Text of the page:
With all the ‘eventfulness’ of the past week, it’s been a while since I’ve posted in this series on eight movements of faithful growth. To recap, so far we’ve looked at facades — the masks we wear to hide our true self — and two specific types of them: doing what we feel we ‘should‘ do and conforming into the crowd. Today I’d like to think through a third type of facade: people-pleasing.
Just like ‘shoulds’ and conformity, people-pleasing is sneaky because it has ostensibly good aims. After all, what could be bad about helping others? Aren’t we called to be kind, generous, and loving?
The answer, of course, is yes. We are called to be all those things. But, just as we need to differentiate doing the right thing from doing what others tell us is the right thing and genuine belonging from ‘fitting in’, we also need to differentiate between people-pleasing and genuine generosity and love. There are healthy, mature, and holy ways of expressing kindness and helping others, and there are ways of doing so that are immature, clinging, and even damaging to ourselves and those we think we’re helping.
Relationships are built on mutual give-and-take, and some form of compromise is a part of any healthy relationship. We accommodate others’ desires alongside our own, meet in the middle, and seek to find win-win solutions to problems. We do what we need to do to balance out the loads we are each carrying. This is good and true and beautiful. But, people-pleasing does none of these things. People-pleasers accommodate others’ desires instead of their own, defer to the other instead of meeting in the middle, accept the losing end of win-lose solutions, and take on more than their fair share of the load. And they do this, not out of a loving choice, but out of an unhealthy compulsion, because they cannot say no.
There are many possible reasons psychologists have posited for why this is, but at its heart, people-pleasing is a problem of muddied boundaries and identity. People-pleasers’ self-worth is drawn almost entirely from external validation. They only feel valuable when they are being useful to others. If you’ve been paying attention to the posts in this series, you may now be seeing a theme emerging in these different kinds of facades: They are all ways we hand responsibility for our own life over to others: ‘Shoulds’ hand over our sense of right and wrong to others. Conformity passes our identity and what we care about to others. People-pleasing passes our sense of worth to others.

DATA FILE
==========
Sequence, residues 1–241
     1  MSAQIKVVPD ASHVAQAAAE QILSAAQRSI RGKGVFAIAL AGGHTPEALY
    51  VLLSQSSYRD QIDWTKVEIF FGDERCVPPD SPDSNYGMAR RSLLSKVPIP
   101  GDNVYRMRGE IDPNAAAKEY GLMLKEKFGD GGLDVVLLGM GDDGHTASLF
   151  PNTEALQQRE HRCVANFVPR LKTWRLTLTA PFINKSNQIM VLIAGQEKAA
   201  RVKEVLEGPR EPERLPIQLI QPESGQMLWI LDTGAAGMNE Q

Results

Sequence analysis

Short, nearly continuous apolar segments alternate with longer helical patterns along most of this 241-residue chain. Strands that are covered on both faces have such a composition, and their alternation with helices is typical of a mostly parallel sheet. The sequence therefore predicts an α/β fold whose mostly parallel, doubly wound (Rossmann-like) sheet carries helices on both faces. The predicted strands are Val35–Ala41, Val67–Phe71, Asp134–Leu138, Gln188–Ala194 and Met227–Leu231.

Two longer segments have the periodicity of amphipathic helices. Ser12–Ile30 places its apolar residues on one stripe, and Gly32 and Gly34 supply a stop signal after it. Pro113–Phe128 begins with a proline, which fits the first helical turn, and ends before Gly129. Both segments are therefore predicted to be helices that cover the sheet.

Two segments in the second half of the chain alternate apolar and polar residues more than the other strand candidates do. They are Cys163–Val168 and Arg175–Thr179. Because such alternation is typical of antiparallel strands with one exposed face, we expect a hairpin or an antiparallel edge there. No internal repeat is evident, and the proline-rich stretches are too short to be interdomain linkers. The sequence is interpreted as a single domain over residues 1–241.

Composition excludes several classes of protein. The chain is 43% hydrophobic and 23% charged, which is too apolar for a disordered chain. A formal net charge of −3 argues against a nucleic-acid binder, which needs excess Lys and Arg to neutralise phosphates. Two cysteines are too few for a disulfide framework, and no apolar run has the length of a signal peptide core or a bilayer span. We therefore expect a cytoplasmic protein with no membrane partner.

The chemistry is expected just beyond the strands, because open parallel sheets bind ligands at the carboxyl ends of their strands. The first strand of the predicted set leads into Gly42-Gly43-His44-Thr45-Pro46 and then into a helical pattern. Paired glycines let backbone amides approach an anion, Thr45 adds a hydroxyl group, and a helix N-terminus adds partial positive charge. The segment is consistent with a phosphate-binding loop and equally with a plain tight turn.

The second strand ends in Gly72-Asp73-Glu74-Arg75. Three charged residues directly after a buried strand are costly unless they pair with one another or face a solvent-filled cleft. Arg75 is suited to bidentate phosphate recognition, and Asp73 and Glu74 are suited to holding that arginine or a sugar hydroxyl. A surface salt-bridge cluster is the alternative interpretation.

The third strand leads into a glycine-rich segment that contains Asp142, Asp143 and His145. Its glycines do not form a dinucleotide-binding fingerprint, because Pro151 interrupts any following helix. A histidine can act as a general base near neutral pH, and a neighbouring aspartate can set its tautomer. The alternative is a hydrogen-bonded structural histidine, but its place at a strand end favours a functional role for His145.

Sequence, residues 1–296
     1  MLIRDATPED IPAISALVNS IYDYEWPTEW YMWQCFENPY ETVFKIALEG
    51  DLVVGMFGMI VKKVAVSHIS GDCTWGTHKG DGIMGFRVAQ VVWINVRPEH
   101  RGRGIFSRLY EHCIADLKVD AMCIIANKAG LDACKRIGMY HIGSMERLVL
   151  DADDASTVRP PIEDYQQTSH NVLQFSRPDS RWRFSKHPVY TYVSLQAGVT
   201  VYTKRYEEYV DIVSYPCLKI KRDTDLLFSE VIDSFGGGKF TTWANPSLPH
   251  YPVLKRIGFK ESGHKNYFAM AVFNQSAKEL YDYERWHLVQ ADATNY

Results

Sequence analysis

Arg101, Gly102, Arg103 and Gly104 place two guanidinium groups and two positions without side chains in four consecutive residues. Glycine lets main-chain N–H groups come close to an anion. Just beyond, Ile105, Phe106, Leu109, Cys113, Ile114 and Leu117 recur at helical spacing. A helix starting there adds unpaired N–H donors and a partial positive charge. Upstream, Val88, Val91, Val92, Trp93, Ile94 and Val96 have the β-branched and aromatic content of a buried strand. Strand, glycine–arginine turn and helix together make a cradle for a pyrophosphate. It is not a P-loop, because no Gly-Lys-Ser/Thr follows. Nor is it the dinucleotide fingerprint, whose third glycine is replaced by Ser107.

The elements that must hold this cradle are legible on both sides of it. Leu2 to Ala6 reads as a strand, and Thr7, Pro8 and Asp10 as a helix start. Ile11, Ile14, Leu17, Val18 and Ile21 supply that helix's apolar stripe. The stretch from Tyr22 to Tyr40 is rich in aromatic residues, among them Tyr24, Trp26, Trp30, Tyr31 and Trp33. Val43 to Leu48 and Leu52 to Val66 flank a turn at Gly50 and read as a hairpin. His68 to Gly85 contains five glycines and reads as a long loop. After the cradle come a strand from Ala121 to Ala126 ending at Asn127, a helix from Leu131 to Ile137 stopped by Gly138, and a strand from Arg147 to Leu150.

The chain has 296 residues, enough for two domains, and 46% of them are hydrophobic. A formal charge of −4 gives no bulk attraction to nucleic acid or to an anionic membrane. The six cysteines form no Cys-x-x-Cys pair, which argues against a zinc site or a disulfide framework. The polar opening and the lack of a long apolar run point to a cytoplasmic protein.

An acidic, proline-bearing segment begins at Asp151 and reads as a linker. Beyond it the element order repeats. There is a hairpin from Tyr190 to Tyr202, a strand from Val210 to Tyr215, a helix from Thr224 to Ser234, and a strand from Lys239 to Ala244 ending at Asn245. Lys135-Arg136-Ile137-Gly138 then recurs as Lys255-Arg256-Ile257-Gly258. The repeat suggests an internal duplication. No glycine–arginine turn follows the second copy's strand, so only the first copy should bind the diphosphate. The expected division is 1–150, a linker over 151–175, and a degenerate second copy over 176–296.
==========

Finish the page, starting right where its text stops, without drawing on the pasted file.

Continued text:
This makes it virtually impossible to have healthy relationships. If what we seek from relationships is validation and praise, we come across as being empty and needy to those with healthier ways of relating, or as marks for those happy to exploit others, or saviours for those who are unwilling to carry their own load. And so instead of our relationships being a kind of mutually-beneficial symbiosis, they become mutually parasitic — with the people-pleaser leaching approval and affection from their partner and the partner leaching energy, effort, and productivity from the people-pleaser. As in all kinds of codependency, there is an exchange that leaves both parties poorer and immature.
This problem is spiritual because it turns love into a commodity. Instead of giving and receiving love freely, we turn it into something to be bought and sold, a means to an end. Perhaps even more importantly, relying on others for our sense of worth is a fundamental rejection of our natural worth as persons created by a loving and gracious God, made in God’s very own image and likeness. We don’t need to chase after worth. We are inherently worthy.
Of course, it’s far easier to point out the problems with people-pleasing than it is to move away from it. It’s a weed that is deeply rooted in our hearts and minds, often stemming from patterns we learned early in childhood. But there are some simple and concrete actions we can do to begin the process of reinforcing our inherent worth and moving away from people-pleasing and towards genuine, loving relationships.
First, we can, as airplane safety demonstrations have taught us, put on our own mask first. This reminds us to look after our own basic needs before we think about helping others. For a time this may involve “treating yourself like a toddler.” By this I mean, making sure you’ve eaten, had enough water to drink, check in with yourself to see if you need to use the toilet, and go to bed on time. These are the core of self-care and are crucial if we really want to be of service to others.
Secondly, we can think about setting proper boundaries in our relationships. This can be really hard for people-pleasers. One good place to start is to wait until we’re asked to help before stepping in. This is a good first step in boundary setting because it’s really setting the boundary for ourselves. Another boundary we can place on ourselves is to make sure the compliments we give to others are genuine. Once we get used to our own boundaries, we can start setting boundaries for others.
It’s important to remember that the goal of this movement of growth is not selfishness or isolation from others, but genuine relationships. It means showing kindness when we mean it, out of choice and not compulsion, and without seeking validation or praise.
Love is not a commodity we exchange for worthiness. We don’t need to find our worth in others because we are inherently worthy.
This wraps up the first half of this series, which has explored things we’re moving away from. The second half will turn to the positive side of the equation. What are we moving towards?